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Medieval and Byzantine History Medieval and Byzantine History Forum - Period of History between classical antiquity and modern times, roughly the 5th through 16th Centuries


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Old May 22nd, 2015, 04:25 AM   #11
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I think op has a point.You look at byzantines list of battles against Bulgars and they lost more than they won.Seljuk turks and ottomans also always had the upper hand.(in fact i dont think Byzantines ever won a decisive battle against them)Same goes for Arabs.Certainly their military record wasnt that impressive.How they survived for so long then?Constaninople.Her location and huge walls made it so hard to conquer.I think if eastern roman's empire's capital was let's say Nicaea they wouldnt survive for that long.
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Old May 22nd, 2015, 05:31 AM   #12

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Quote:
Originally Posted by recor View Post
I think op has a point.You look at byzantines list of battles against Bulgars and they lost more than they won.Seljuk turks and ottomans also always had the upper hand.(in fact i dont think Byzantines ever won a decisive battle against them)Same goes for Arabs.Certainly their military record wasnt that impressive.How they survived for so long then?Constaninople.Her location and huge walls made it so hard to conquer.I think if eastern roman's empire's capital was let's say Nicaea they wouldnt survive for that long.
The roman empire ususally fought either small enemies, or one at a time. (etruscans, carthago, etc.)

When they had to face multiple strong enemies at once (hordes set to move by the huns) they inmediately became less effective, after a while there were no pre-emptive or punitive tasks, just desperate defending.

Eastern Rome never had the luxury to fight only one enemy at a time.
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Old May 22nd, 2015, 12:18 PM   #13

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The roman empire ususally fought either small enemies, or one at a time. (etruscans, carthago, etc.)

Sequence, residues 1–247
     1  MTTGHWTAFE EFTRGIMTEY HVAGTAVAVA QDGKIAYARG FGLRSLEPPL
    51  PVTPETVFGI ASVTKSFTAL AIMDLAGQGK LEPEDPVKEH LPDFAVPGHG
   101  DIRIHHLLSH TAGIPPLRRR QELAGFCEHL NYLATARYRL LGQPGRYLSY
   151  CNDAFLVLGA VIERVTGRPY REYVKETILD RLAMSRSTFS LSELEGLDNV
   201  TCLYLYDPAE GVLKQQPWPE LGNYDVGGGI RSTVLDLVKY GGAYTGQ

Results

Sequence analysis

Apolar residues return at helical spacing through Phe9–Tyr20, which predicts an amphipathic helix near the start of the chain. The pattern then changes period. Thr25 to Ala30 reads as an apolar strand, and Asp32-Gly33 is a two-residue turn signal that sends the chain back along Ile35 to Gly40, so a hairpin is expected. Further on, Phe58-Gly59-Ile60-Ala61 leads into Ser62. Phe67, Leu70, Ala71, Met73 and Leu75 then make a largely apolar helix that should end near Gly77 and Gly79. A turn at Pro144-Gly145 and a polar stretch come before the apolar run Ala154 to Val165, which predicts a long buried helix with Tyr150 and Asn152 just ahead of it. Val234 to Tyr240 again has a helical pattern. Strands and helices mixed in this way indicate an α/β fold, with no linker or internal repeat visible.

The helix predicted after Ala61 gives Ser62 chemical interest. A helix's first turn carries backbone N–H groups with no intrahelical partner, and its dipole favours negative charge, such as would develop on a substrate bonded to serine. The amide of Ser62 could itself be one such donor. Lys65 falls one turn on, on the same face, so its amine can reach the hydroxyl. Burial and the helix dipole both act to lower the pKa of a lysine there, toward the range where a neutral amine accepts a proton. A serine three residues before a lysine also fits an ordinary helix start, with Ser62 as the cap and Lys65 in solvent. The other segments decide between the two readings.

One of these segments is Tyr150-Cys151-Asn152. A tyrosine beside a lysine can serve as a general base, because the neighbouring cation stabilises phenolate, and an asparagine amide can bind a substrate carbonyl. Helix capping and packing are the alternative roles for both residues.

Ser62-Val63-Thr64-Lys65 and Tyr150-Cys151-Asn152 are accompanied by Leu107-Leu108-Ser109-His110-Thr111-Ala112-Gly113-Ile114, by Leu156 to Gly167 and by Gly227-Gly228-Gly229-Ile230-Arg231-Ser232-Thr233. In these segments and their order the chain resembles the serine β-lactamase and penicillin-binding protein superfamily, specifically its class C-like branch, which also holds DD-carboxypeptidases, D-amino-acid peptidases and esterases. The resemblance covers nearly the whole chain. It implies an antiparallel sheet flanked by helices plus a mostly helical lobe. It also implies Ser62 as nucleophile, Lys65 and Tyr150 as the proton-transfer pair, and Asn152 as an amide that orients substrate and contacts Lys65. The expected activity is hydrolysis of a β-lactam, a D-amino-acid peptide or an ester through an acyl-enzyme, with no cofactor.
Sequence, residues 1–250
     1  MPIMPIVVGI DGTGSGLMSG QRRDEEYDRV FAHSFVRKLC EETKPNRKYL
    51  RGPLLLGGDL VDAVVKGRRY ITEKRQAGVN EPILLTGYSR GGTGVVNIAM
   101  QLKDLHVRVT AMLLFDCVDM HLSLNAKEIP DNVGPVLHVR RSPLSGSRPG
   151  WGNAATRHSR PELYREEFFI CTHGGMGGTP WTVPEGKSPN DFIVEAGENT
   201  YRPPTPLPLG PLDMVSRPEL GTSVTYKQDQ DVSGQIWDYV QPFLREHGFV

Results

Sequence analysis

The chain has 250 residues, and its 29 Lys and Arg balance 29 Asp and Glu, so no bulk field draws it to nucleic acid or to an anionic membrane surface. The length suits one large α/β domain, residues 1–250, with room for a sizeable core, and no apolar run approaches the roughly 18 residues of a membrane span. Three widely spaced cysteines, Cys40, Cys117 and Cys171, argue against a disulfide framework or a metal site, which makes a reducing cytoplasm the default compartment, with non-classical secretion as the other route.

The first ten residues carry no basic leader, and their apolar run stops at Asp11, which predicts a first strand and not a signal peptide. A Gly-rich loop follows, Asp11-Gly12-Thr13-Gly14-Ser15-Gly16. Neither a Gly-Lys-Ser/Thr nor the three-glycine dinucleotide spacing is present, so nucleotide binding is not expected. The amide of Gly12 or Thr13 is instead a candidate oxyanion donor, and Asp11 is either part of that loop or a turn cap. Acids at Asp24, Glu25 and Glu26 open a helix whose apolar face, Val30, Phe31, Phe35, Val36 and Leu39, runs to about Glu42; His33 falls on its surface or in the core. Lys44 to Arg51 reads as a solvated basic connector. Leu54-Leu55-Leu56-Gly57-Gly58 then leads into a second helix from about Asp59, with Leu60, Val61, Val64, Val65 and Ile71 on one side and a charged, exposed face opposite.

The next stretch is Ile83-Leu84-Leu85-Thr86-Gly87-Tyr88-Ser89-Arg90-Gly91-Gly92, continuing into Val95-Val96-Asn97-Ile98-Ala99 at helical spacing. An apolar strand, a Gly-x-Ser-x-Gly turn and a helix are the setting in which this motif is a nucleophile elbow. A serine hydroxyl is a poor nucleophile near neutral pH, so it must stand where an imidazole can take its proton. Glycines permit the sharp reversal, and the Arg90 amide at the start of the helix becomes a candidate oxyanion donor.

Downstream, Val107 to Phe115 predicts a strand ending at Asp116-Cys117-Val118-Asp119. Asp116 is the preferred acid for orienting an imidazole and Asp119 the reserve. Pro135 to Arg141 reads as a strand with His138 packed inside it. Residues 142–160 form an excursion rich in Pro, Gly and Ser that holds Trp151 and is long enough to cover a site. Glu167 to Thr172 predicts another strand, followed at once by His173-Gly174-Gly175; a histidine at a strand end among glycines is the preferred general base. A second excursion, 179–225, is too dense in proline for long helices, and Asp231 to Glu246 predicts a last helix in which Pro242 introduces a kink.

When they had to face multiple strong enemies at once (hordes set to move by the huns) they inmediately became less effective, after a while there were no pre-emptive or punitive tasks, just desperate defending.

Eastern Rome never had the luxury to fight only one enemy at a time.
So you don't know that during the second Punic war, they fought Carthage, Macedonia, the Gauls, Syracuse, and various independent North African armies at the same time?

Or later that they would fight Mithradates, Spartacus, Sertorius, and the Cilician pirates all at once?

Didn't know that during the Latin war, they fought a league of Campanians, Volsci, Latins, Etruscans, and others?

Or that Aurelius was already repulsing Germans and Sarmatian invasions in central Europe when the Parthian war was being prosecuted?

Or that they were prosecuting the Jugurthine war whiles contesting Cimbi and Tuetones?

And on and on. The Romans were constantly fighting on multiple fronts.

As for the Byzantines, again, the idea of them being military weak is just an illusion of modern "Scholars." Read the Alexiad and see how weak they were.

Last edited by cachibatches; May 22nd, 2015 at 12:27 PM.
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Old May 22nd, 2015, 12:23 PM   #14

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That's a good post, cachibatches. Ironically, military multitasking was a specialty of the Roman army of antiquity.
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Old May 22nd, 2015, 04:09 PM   #15

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They were extremely impressive, and own victories over the Persians, Turks, other Turko-Mongolian tribes, Normans, etc.

The reason you (Francais, not Graveyard) may believe that they were weak is because the emphasis when reading modern histories is on their weakness and decline. This is why I so urge everyone on this site to go read the ancient sources. If you are only reading modern interpretations, you are reading someone's contrived fiction...possibly a useful model, but at best a partial truth, and at worst, complete nonsense.

Co-incidentally, I am currently working on Anna Komnene's ALEXIAD. Her dad just staved of Robert Guiscard and Bohemund and is now dealing harshly with the Turks. This is the empire in decline, and it is still powerful enough to deal with 2-3 threats at the same time, including armies of dreaded and much vaunted horse archers.

Not too shabby.
I really with I know more about the Byzantine Empire. My fanboysm is focused on the classical Roman Empire, but over time I start liking the Late Empire more and more, it does get a lot of unfair criticism. And I suspect with the Byzantine Empire it might be similar.

Can you answer to which extend the Byzantine Emperi focused on (heavy) cavalry? And did the tradition of roman infantry was somehow kept?

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I think op has a point.You look at byzantines list of battles against Bulgars and they lost more than they won.Seljuk turks and ottomans also always had the upper hand.(in fact i dont think Byzantines ever won a decisive battle against them)Same goes for Arabs.Certainly their military record wasnt that impressive.How they survived for so long then?Constaninople.Her location and huge walls made it so hard to conquer.I think if eastern roman's empire's capital was let's say Nicaea they wouldnt survive for that long.